NEW YORK (Reuters) - Stock indexes worldwide slipped on Monday on fears of Greece leaving the euro zone and concerns over conflict in Ukraine, while oil prices surged after an optimistic demand forecast from OPEC.
Wall Street and European shares slumped a day after Greek Prime Minister Alexis Tsipras ruled out extending the country’s bailout and said he would reverse some of the reforms imposed by its lenders, raising fears of a Greek exit from the euro zone.
Tensions rose further on Monday after European Commission President Jean-Claude Juncker said Greeks should not expect the euro zone to accept the latest terms proposed by Greece. Greek banking shares tumbled .FTATBNK nearly 10 percent.
“Greece can’t spend more money, back-track on labour market reforms and stay in the euro,” said Michael Jones, chief investment officer at RiverFront Investment Group in Richmond, Virginia.
Violence in Eastern Ukraine also weighed on shares. U.S. President Barack Obama said on Monday his administration is looking at all options in handling the crisis in Ukraine, but he has not yet decided whether the United States will provide lethal arms to Kiev.
In addition, data on Sunday showed China’s exports fell 3.3 percent in January from a year ago while imports tumbled 19.9 percent, raising concerns about the world’s second-largest economy.
Oil prices rose for a third straight session from near six-year lows as OPEC forecast greater demand for crude this year and projected less supply from countries outside the group. Brent crude LCOc1 hit $59.61 a barrel, its highest this year. [O/R]
The Japanese yen firmed against the U.S. dollar after two straight days of losses, largely on the concerns over Greece’s status and the conflict in Ukraine.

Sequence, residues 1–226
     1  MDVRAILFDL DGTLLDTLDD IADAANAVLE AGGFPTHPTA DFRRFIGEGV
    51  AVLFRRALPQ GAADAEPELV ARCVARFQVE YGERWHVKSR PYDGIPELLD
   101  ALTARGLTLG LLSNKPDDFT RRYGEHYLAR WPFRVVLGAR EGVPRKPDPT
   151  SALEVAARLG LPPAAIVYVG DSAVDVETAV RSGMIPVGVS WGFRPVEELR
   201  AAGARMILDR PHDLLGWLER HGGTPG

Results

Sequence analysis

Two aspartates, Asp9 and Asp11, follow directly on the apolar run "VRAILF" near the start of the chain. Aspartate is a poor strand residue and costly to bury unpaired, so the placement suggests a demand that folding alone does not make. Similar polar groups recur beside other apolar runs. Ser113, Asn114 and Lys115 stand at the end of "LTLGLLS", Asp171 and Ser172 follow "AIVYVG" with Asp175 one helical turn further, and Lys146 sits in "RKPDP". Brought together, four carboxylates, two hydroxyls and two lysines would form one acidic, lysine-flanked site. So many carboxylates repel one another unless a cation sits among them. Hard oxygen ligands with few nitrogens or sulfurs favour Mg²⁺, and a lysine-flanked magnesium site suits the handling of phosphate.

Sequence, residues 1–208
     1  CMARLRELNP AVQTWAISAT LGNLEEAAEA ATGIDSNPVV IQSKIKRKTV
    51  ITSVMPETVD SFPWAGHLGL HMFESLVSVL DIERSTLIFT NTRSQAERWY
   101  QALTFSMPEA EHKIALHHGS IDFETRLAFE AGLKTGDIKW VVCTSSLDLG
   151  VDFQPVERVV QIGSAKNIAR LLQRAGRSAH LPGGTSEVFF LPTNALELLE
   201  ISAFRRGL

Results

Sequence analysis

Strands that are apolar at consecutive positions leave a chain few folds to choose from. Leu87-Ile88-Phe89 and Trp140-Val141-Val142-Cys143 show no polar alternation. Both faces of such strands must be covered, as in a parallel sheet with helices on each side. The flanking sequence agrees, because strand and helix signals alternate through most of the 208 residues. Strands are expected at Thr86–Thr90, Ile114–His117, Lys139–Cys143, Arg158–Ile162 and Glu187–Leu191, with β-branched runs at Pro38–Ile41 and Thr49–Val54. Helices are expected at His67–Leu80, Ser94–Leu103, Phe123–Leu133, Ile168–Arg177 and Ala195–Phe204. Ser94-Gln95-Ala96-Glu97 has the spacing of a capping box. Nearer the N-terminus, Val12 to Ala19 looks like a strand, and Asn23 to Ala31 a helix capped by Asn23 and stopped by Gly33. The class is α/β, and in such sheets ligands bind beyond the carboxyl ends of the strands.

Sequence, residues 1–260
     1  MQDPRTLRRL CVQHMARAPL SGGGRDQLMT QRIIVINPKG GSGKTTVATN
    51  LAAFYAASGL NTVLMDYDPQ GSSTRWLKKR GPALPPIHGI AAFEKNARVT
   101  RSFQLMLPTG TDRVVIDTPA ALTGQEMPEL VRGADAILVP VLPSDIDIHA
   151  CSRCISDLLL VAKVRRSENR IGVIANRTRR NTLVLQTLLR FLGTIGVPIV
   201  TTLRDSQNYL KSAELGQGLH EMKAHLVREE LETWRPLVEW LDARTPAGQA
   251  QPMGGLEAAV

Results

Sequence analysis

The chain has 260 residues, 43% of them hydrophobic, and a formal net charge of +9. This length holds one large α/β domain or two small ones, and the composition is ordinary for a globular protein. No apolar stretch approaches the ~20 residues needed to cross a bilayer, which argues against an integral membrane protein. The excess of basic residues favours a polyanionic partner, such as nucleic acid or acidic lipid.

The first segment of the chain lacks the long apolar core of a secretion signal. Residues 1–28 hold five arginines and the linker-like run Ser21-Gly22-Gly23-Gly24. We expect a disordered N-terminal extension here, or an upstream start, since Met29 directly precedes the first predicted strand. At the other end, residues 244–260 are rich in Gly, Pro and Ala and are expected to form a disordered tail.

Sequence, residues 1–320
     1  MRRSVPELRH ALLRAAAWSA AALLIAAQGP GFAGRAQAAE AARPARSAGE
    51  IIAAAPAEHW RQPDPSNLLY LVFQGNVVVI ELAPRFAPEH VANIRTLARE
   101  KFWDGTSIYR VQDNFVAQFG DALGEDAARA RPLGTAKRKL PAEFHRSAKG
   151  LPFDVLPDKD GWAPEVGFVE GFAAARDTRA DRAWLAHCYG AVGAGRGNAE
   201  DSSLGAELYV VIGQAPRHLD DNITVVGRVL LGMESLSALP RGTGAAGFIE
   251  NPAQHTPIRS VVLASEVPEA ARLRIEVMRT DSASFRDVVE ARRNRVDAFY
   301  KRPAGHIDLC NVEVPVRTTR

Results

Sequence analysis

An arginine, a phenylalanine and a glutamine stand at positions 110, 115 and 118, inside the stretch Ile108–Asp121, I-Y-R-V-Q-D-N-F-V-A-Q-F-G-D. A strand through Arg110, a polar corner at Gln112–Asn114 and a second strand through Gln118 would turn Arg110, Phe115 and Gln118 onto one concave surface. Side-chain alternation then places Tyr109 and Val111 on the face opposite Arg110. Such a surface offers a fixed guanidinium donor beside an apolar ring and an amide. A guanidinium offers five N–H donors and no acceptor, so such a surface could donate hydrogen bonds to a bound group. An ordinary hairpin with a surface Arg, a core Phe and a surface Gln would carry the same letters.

In Europe, the FTSEurofirst 300 index .FTEU3 of top regional shares ended 0.73 percent lower, at 1,480.01. MSCI's all-country world stock index .MIWD00000PUS fell 0.39 percent, to 418.86.
Safe-haven U.S. Treasury prices slipped, however, following strong U.S. jobs data released last Friday. Benchmark 10-year yields US10YT=RR, which move inversely to prices, were last at their highest in nearly a month at 1.98 percent.
“The fall in yields since the beginning of the year was a bit too extreme for the current state of our economy,” said Justin Hoogendoorn, fixed income strategist at BMO Capital Markets in Chicago.
The dollar was last down 0.43 percent against the yen at 118.630 yen JPY=EBS. The dollar index .DXY, which tracks the greenback versus a basket of six currencies, was down 0.13 percent, at 94.571.
Brent crude settled up 54 cents at $58.34 a barrel. U.S. crude CLc1 settled up $1.17 at $52.86.
The weakness in European equities helped gold recover from a three-week low hit Friday. Gold futures GCcv1 were last up 0.33 percent, at $1,238.7 an ounce.
Reporting by Sam Forgione; Additional reporting by John Geddie in London, Blaise Robinson in Paris and Chuck Mikolajczak and Gertrude Chavez-Dreyfuss in New York; Editing by Nick Zieminski and James Dalgleish